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GTP Cyclohydrolase 1-Deficient Dopa-Responsive Dystonia.

Authors

Furukawa Y1.

Source

GeneReviews® [Internet]. Seattle (WA): University of Washington, Seattle; 1993-2020.
2002 Feb 21 [updated 2019 Jan 24].

Author information

1
Chairman, Department of Neurology, Vice President, Juntendo Tokyo Koto Geriatric Medical Center, Professor, Department of Neurology, Faculty of Medicine, Juntendo University, Tokyo, Japan

Excerpt

CLINICAL CHARACTERISTICS:

GTP cyclohydrolase 1-deficient dopa-responsive dystonia (GTPCH1-deficient DRD) is characterized by childhood-onset dystonia and a dramatic and sustained response to low doses of oral administration of levodopa. This disorder typically presents with gait disturbance caused by foot dystonia, later development of parkinsonism, and diurnal fluctuation of symptoms (aggravation of symptoms toward the evening and alleviation of symptoms in the morning after sleep). Initial symptoms are often gait difficulties attributable to flexion-inversion (equinovarus posture) of the foot. Occasionally, initial symptoms are arm dystonia, postural tremor of the hand, or slowness of movements. Brisk deep-tendon reflexes in the legs, ankle clonus, and/or the striatal toe (dystonic extension of the big toe) are present in many affected individuals. In general, gradual progression to generalized dystonia is observed. Intellectual, cerebellar, sensory, and autonomic disturbances generally do not occur.

DIAGNOSIS/TESTING:

The diagnosis of GTPCH1-deficient DRD is established in a proband by identification of a heterozygous pathogenic variant in GCH1 by molecular genetic testing. In individuals with a suspected diagnosis of GTPCH1-deficient DRD and no identifiable GCH1 pathogenic variants, biochemical testing may be necessary.

MANAGEMENT:

Treatment of manifestations: Initial suggested dose of levodopa/decarboxylase inhibitor (DCI): Children age <6 years: 1-10 mg/kg levodopa/DCI daily, administered in multiple doses. Children age ≥6 years: 25-50 mg levodopa/DCI 1-3x daily. Adults: 50 mg levodopa/DCI 1-3x daily. For all, dose should be changed slowly and by small increments as needed. Motor benefit occurs immediately or within a few days of starting levodopa; full benefit occurs within several days to a few months. Maximum benefit (complete or near-complete responsiveness of symptoms) is generally achieved by <300-400 mg/day of levodopa/DCI. Although dyskinesias may appear at the beginning of levodopa therapy, they subside following dose reduction and do not reappear when the dose is gradually increased. Typically, adverse motor effects of chronic levodopa therapy (motor response fluctuations and dopa-induced dyskinesias) do not occur. Prevention of secondary complications: Early diagnosis and therapy (with low doses of levodopa) may prevent transient dyskinesias at initiation of levodopa treatment. Surveillance: Examination by a movement disorder specialist at least several times yearly is recommended. Agents/circumstances to avoid: Discontinuation of levodopa treatment. Evaluation of relatives at risk: It is appropriate to clarify the genetic status of apparently asymptomatic older and younger at-risk relatives of an affected individual in order to identify as early as possible those who would benefit from prompt initiation of treatment. Molecular genetic testing cannot be used to predict the occurrence of symptoms, age of onset, severity and type of symptoms, or rate of disease progression in family members who are heterozygous for a GCH1 pathogenic variant. Pregnancy management: Levodopa therapy is continued during pregnancy without adverse effect in most.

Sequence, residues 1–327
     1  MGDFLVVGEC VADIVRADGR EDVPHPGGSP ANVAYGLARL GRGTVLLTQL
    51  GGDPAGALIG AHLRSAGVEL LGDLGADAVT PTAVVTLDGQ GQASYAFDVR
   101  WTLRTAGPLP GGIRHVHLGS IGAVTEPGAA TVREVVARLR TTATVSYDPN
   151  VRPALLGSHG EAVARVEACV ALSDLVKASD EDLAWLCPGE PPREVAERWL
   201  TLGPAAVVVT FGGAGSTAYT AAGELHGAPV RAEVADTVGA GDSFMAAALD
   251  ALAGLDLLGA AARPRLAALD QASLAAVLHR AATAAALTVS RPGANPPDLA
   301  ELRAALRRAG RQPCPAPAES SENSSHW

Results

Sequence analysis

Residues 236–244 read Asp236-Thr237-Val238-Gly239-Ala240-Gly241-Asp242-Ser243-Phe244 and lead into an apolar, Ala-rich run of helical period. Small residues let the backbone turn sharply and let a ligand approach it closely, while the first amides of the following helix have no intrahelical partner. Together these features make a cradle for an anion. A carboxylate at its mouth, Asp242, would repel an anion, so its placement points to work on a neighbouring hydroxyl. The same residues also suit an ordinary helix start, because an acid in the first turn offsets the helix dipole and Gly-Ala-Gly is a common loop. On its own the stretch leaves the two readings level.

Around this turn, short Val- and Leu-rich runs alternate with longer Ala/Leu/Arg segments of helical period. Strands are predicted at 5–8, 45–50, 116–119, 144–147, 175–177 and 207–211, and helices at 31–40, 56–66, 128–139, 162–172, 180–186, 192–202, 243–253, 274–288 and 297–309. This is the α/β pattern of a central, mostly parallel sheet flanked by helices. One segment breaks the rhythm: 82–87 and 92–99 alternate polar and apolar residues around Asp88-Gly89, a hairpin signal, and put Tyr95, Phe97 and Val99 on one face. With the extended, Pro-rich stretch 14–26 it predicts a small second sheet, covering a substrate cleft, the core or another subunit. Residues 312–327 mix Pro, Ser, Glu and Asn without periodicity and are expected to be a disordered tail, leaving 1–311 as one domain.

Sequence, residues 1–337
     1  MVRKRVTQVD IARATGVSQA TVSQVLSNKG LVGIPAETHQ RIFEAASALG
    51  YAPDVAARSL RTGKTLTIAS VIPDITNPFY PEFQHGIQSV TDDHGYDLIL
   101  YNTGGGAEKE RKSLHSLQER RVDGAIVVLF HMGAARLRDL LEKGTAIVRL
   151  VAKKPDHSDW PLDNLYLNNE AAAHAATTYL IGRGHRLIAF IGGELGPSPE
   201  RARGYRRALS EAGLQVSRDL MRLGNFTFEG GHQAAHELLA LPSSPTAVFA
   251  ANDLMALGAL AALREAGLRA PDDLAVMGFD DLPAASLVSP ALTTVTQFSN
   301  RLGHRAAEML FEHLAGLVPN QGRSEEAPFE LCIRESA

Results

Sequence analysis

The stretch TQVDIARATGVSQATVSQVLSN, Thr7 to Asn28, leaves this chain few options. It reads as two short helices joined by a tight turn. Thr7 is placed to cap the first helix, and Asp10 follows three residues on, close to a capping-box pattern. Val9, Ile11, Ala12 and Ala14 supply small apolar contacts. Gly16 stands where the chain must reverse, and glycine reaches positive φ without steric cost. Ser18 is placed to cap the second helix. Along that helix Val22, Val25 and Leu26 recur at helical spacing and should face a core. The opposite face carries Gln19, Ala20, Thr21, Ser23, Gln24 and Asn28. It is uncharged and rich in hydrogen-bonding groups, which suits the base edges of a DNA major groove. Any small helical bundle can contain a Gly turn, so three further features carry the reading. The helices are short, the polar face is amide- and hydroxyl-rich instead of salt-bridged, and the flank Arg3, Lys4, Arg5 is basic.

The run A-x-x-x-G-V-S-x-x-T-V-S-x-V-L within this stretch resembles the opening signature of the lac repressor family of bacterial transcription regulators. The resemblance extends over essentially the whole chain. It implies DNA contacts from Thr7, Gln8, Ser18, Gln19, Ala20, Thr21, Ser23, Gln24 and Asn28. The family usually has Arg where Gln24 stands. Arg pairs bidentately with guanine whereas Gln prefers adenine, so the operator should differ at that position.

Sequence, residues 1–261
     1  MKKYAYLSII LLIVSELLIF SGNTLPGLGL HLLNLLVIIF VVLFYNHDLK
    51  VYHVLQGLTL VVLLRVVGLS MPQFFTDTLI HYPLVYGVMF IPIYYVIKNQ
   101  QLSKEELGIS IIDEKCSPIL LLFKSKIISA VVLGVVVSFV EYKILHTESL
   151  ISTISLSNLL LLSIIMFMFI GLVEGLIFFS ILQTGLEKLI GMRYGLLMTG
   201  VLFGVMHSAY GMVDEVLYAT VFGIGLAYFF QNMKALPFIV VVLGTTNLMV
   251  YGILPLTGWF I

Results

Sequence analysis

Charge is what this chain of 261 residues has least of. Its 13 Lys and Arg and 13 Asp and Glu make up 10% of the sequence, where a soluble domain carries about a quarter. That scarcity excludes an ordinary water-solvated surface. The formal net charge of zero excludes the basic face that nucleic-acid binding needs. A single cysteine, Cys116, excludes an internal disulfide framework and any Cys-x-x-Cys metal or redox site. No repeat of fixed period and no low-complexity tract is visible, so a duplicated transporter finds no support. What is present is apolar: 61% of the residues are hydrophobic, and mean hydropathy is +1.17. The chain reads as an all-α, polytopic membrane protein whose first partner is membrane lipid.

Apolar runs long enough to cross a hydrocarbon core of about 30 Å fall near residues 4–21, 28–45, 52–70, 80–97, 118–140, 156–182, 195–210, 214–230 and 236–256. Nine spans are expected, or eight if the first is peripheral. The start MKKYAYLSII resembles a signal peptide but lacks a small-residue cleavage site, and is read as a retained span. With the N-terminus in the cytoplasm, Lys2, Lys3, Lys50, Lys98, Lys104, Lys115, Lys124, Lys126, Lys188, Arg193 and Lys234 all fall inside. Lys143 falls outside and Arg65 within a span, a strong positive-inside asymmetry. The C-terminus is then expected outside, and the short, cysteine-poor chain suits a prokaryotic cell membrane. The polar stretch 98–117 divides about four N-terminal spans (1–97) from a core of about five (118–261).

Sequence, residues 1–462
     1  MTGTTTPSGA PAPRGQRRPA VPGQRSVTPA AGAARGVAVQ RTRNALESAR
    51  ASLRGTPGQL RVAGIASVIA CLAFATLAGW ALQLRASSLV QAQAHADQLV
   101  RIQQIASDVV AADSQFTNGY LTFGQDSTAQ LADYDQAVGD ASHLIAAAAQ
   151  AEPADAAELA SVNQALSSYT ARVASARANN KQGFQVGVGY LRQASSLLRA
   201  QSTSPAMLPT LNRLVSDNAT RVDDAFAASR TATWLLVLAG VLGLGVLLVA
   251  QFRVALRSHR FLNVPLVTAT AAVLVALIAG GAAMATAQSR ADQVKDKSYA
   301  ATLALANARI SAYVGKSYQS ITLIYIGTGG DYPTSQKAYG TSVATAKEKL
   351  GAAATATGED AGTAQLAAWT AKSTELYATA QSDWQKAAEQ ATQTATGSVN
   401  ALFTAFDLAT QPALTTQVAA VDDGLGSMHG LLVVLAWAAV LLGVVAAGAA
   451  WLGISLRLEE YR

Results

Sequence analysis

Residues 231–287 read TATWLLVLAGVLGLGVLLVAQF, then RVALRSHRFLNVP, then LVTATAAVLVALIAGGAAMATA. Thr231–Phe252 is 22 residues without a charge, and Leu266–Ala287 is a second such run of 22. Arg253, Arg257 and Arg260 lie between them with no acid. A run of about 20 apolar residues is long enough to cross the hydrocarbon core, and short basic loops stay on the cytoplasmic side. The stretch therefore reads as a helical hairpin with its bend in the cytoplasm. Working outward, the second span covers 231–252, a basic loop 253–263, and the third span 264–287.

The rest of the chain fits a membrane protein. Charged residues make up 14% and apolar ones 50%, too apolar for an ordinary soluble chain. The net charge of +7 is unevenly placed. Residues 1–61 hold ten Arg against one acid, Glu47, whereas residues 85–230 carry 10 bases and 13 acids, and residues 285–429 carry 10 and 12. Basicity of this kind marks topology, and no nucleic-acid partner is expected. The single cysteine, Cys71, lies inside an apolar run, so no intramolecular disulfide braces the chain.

GENETIC COUNSELING:

GTPCH1-deficient DRD is inherited in an autosomal dominant manner. Affected individuals often have an affected parent with typical GTPCH1-deficient DRD or adult-onset parkinsonism caused by a GCH1 pathogenic variant. A proband with GTPCH1-deficient DRD may have the disorder as the result of a de novo pathogenic variant. Every child of an individual with autosomal dominant GTPCH1-deficient DRD has a 50% chance of inheriting the pathogenic variant. However, because of gender-related incomplete penetrance (i.e., higher penetrance in women than in men), it is not possible to predict whether offspring with a GCH1 pathogenic variant will develop symptoms.

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